ORLANDO — Over the last month or so, the Boston Celtics have slowly morphed from a team of old broken-down has-beens into a team of rugged junkyard dogs.
It may have escaped some people’s attention outside of Boston as they were eliminating both Dwyane Wade and LeBron James — and jumpstarting their respective forays into the free agent madness — but the Celtics are once again the big bullies on the NBA block.
There were signs of this against the Heat, but they were easily dismissed as a one-man show. They proved it against the Cleveland, but still there was that lingering suspicion, fueled by anonymous leaks and off-the-record grumbling, that all things considered, the Cavs would have rather been elsewhere.
That changes now.
The scoreboard shows that the Celtics escaped with a 92-88 win over the Magic in Game 1 of the Eastern Conference finals Sunday afternoon (click here for the full recap), but the final count didn’t really matter.
What matters is this: The Celtics took the fight to the Magic, who had been living free and easy after two walkover series wins, and they are finally back to being exactly who they said they were.
“I really felt like two days off was just enough,” said Paul Pierce, who, finally liberated from James, scored 22 points. “We felt really good going into this game. The rhythm was there. The defense was there. The passing was there.”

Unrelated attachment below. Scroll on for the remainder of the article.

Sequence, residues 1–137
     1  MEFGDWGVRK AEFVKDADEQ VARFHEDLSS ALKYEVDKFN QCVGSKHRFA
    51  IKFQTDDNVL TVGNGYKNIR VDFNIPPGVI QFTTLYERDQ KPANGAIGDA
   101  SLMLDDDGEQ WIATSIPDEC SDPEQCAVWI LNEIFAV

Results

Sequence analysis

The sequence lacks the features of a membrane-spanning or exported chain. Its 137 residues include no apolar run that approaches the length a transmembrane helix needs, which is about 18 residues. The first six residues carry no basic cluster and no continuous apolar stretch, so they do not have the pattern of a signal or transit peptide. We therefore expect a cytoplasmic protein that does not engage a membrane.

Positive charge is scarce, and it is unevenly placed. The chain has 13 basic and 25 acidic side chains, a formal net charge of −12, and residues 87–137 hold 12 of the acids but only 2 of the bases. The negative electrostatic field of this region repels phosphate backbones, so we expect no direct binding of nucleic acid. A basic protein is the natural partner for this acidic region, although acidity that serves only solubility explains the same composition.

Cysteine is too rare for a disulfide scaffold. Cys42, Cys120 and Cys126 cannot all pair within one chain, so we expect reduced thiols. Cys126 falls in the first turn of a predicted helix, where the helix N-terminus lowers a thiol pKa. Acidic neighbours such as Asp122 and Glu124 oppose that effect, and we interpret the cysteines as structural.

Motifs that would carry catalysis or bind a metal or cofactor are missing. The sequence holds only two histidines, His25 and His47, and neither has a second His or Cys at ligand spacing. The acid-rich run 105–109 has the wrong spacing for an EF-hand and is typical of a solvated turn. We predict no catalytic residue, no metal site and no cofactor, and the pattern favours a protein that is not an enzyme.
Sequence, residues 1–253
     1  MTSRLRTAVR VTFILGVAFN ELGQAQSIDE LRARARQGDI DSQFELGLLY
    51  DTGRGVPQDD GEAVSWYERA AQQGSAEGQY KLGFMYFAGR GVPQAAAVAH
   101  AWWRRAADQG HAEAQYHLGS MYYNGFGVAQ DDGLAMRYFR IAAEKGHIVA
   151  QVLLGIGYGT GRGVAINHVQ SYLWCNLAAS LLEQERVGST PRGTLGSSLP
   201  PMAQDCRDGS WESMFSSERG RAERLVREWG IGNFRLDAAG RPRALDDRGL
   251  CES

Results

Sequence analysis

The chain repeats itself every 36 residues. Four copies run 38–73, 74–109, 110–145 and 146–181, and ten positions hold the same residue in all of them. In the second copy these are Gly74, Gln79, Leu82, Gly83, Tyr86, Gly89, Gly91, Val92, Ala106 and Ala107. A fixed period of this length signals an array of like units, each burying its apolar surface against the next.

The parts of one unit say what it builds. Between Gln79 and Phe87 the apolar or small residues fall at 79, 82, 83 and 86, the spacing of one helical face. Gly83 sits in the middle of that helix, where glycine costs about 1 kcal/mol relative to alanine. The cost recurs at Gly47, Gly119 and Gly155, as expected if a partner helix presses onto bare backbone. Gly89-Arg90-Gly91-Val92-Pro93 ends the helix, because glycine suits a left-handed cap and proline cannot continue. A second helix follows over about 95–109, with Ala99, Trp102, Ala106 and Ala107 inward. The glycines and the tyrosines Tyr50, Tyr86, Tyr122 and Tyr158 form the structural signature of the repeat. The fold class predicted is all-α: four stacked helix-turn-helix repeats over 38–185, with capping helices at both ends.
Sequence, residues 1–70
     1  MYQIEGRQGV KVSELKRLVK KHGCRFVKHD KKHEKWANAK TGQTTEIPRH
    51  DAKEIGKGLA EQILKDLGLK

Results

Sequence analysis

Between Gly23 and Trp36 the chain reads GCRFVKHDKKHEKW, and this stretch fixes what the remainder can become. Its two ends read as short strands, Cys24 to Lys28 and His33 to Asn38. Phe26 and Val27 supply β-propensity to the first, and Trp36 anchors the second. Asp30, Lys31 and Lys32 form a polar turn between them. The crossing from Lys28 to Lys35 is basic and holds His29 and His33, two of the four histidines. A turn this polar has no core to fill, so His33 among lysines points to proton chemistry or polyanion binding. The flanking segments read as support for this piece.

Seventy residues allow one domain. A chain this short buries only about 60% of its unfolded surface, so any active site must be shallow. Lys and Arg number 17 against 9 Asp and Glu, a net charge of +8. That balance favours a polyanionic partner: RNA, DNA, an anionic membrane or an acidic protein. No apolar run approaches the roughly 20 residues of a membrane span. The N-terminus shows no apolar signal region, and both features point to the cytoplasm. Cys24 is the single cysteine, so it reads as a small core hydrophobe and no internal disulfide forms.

The Magic? Not so much. By the time they rediscovered their playoff legs, the Celtics had a nice, comfortable, double-digit margin to work with. That the Magic were able to make it close speaks to their ability to score in rapid succession with a myriad array of shooters.
“They can score buckets fast,” the rejuvenated Rasheed Wallace said. “The main thing with them is when you have down you got to try to keep them down, you can’t give them no life.”
Over the next 48 hours or so, the following quote from Vince Carter is going to get an awful lot of play.
“I think it was a wake-up call that we really needed in my opinion,” Carter said. “I don't think we were prepared for the level that they were ready to play. They were ready to go from jump, and we weren’t on their level at the beginning.”
This series is just getting started. To a man, the Celtics feel like the Magic will be much sharper in Game 2 on Tuesday, but that’s for Tuesday. On this day, and at this moment, the Celtics are the team to beat.